Having a ceasefire that included military occupation to search for tunnels was never really going to work, was it? Yesterday a 72 hour cease fire was announced by Israel and Hamas, but less than four hours into the cease fire fighting resumed with at least 27 Palestinians dead and 100 injured from an Israeli attack in the town of Rafah after the ceasefire started. Both sides had sent delegates to Egypt in hopes of discussing a more comprehensive peace deal, but those talks appear to be stalled now.

The Gaza Health Ministry reports both tank and artillery fire hit Rafah as the IDF reports a suicide bomber detonated during one of the tunnel clearing operations which killed two Israeli soldiers. An Israeli officer, Lieutenant Goldin, is believed to have been kidnapped during the battle, possibly through one of the tunnels.

Lt. Col. Peter Lerner, an Israeli military spokesman, said the clash near Rafah started around 9:30 a.m., 90 minutes after the cease-fire, brokered by the U.S. and the United Nations, took effect. Palestinians reached by phone said they had heard a resumption of shelling in the area around 8:30.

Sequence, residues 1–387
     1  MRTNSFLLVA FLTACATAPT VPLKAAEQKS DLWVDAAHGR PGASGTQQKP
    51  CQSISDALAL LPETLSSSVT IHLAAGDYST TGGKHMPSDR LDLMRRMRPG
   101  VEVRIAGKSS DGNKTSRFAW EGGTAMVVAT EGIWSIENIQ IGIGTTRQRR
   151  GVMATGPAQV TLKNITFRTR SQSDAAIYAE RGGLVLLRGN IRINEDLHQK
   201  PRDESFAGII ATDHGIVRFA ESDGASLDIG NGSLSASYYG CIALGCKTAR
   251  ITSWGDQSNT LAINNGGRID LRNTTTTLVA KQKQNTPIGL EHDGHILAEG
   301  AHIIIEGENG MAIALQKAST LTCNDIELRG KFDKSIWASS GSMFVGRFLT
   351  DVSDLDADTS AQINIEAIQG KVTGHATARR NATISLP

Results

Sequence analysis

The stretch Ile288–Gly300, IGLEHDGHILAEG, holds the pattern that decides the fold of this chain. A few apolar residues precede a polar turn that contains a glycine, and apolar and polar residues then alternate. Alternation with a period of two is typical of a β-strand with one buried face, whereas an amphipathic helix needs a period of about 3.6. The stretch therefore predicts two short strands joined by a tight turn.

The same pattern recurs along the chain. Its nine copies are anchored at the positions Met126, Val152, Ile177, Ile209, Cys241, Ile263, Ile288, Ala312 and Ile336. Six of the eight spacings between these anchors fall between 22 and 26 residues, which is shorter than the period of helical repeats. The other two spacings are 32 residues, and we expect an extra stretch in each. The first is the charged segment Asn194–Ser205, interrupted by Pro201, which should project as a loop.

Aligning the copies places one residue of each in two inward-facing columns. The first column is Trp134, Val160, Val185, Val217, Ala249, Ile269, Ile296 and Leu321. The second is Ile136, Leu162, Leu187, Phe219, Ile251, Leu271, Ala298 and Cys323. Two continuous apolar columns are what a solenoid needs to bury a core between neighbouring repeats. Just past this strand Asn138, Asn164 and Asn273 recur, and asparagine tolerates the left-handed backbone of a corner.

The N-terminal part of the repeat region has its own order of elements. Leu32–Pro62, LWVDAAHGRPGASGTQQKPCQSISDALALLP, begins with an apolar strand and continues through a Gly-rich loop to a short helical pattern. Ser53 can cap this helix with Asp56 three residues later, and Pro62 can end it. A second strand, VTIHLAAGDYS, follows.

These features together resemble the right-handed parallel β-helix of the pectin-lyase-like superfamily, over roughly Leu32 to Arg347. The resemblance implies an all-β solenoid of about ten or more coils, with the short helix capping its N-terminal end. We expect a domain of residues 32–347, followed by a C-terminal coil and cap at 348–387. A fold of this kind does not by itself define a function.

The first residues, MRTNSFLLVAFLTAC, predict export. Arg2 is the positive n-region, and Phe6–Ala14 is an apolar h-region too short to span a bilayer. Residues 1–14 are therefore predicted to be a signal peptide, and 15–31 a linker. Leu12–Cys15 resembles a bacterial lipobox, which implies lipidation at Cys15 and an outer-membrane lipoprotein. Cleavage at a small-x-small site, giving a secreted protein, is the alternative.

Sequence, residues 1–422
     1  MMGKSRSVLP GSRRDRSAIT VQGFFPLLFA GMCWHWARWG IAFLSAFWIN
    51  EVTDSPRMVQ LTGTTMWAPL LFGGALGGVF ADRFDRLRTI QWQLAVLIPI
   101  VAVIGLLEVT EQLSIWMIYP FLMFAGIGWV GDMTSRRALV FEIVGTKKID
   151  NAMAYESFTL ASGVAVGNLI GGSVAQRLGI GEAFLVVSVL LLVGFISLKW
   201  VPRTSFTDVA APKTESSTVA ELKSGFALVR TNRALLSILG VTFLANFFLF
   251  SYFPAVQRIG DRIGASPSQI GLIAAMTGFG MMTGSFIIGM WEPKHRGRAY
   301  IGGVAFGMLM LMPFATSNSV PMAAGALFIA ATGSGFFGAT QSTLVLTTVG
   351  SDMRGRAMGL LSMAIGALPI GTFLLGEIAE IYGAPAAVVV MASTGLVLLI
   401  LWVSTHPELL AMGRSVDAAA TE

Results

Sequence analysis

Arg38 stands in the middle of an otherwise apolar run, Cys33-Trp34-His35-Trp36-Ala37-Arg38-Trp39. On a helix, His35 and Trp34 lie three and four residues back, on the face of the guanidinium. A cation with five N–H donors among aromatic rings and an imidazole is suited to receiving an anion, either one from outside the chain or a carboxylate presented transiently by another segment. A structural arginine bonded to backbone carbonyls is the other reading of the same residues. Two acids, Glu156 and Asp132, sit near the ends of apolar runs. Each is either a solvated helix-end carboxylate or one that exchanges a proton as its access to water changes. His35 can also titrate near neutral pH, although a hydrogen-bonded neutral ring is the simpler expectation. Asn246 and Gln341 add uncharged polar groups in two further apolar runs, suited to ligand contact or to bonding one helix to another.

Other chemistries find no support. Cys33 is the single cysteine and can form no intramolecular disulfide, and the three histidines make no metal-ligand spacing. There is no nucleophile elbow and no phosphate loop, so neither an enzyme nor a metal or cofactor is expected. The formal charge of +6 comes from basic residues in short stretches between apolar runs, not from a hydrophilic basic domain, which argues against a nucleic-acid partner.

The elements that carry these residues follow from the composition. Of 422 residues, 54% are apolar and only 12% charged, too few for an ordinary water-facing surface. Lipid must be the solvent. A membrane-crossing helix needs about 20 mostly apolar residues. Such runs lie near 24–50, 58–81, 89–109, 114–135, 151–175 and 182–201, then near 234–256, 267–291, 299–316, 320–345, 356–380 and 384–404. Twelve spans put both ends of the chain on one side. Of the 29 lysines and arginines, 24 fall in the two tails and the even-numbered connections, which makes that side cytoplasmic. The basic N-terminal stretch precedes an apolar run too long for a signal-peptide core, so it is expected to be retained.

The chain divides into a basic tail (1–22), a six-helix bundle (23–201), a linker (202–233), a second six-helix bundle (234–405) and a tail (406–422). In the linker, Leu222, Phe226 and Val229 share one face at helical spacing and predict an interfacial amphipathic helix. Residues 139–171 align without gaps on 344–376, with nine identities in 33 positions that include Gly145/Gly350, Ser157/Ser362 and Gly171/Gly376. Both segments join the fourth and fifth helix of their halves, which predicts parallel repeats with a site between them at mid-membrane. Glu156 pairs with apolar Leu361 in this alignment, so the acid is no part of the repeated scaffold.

The fighting cut short the most promising effort yet to halt a conflict now in its 25th day. Militants began firing rockets from Gaza into Israel. Col. Lerner said the cease-fire was over.

The faulty idea that a “ceasefire” can include a provision for an occupying army to stay in an area and continue to carry out operations was put to the test, and failed. A workable cease fire should probably include both sides completely ceasing operations.

The 72 hour cease fire was supposed to provide time for Palestinians in Gaza to bury their dead and obtain provisions as well as give the negotiations in Egypt with Israel and Hamas time to work.